The International Town & Gown Association™ Newsletter
May 24, 2018
Welcome to Dateline, a weekly newsletter highlighting college town news from around the world.
City Council Gives Student Housing Project a 30-year Tax Abatement
City council members approved a 30-year tax abatement for construction of a large downtown apartment complex for mostly college students, saying it was the best option for developing the vacant property. Glenn Paterson, city planning director, said that under the tax abatement, the developer will pay $1.58 million annually as payment in lieu of taxes, commonly known as a PILOT. That amount would be significantly less tax than the $2.4 million in annual taxes that would be collected without an abatement. New Brunswick, Paterson said, needs housing construction and wants Rutgers University students in the downtown to contribute to support local retail and restaurants.
Students Invest in Community with New Business
Brittan Brenner, a Pittsburg State senior plans to open a business with her best friend in the heart of downtown Pittsburg. They took the idea to the next level by entering the Kansas Entrepreneurship Challenge, encouraged by their mentor, Sydney Anselmi, director of Community Engagement in PSU's University Strategic Initiatives. After presenting to judges an executive summary, a four-minute polished pitch and a branding board, the two came away with fourth place and the money they needed to launch the business. Their goal is to create a sense of community pride by supporting local artisans tangibly and financially.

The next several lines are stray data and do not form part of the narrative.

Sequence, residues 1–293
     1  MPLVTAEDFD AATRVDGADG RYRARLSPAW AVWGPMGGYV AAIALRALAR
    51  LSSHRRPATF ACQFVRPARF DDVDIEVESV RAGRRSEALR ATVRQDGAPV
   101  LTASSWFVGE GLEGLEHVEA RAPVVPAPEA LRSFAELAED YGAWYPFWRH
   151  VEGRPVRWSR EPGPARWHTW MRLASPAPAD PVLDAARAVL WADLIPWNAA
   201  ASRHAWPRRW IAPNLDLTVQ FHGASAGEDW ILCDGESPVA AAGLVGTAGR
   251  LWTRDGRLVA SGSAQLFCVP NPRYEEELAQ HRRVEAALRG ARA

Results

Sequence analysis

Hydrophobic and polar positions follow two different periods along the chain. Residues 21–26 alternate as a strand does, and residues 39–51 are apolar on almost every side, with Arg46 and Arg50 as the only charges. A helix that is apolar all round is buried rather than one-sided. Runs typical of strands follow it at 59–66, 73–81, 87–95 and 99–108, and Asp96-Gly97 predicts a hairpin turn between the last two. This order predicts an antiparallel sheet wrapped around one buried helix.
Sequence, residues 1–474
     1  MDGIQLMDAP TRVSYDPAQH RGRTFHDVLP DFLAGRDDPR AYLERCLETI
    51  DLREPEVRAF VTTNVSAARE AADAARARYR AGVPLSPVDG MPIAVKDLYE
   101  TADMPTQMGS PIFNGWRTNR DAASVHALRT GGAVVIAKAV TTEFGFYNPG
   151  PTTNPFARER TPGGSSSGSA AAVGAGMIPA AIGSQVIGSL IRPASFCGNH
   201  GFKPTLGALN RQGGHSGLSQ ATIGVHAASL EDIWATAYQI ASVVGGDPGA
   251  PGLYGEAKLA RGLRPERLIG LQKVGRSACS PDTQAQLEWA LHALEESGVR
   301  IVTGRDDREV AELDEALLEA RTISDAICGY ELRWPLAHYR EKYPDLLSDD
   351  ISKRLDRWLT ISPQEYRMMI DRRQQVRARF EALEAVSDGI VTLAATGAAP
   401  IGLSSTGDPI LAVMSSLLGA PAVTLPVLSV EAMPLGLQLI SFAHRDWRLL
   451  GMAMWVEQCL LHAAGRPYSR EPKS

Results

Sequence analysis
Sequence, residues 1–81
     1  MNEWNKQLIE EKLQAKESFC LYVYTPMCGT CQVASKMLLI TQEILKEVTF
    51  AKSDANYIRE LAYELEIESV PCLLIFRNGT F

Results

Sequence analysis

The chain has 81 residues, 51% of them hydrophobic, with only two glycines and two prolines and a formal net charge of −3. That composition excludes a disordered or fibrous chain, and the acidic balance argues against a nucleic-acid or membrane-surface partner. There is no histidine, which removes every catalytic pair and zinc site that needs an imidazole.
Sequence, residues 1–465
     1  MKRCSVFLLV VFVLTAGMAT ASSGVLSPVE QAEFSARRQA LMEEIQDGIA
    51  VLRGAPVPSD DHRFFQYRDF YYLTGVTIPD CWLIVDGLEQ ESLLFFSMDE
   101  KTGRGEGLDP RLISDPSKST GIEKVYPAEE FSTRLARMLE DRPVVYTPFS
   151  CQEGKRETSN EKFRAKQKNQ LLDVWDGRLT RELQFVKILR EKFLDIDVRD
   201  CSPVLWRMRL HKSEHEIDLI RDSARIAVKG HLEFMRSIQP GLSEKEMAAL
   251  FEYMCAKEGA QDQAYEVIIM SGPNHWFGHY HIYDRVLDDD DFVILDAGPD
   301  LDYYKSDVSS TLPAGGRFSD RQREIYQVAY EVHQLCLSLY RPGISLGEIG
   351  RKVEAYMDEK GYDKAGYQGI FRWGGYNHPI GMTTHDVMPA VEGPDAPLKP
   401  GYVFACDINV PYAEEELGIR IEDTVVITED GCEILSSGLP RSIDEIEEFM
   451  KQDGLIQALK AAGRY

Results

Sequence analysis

Pittsburg State University
Campus Participation in New Waste Policy Spurs Results
Within a few months of its launch, a new Emory policy that aims to significantly increase the amount of campus waste being diverted from area landfills is already making an impact. Introduced in January, the new Campus Waste Management Policy seeks to divert 95 percent of waste from municipal landfills by 2025, effectively a zero waste policy, through a targeted strategy that includes standardized and expanded recycling bins and widespread community engagement. Examining year-to-year numbers for March, Emory saw the total waste diverted from area landfills rise from 411.35 tons to 506.198 tons, increasing the campus diversion rate from 55.1 percent to 69.9 percent.
UGA Promotes Renaissance in Multi-City Partnership
A Georgia mountain community is forging a unique economic development partnership with two Tennessee cities through a downturn revitalization process pioneered by the University of Georgia Carl Vinson Institute of Government. The first-ever two-state RSVP will enable the citizens, business leaders and public officials in the rural communities, which have interconnected economies, to implement a long-term regional development plan. The nine-month project is supported by a grant from the Lyndhurst Foundation, which funds community revitalization strategies, arts and cultural activities, and conservation and outdoor recreation projects in Chattanooga and the surrounding region.
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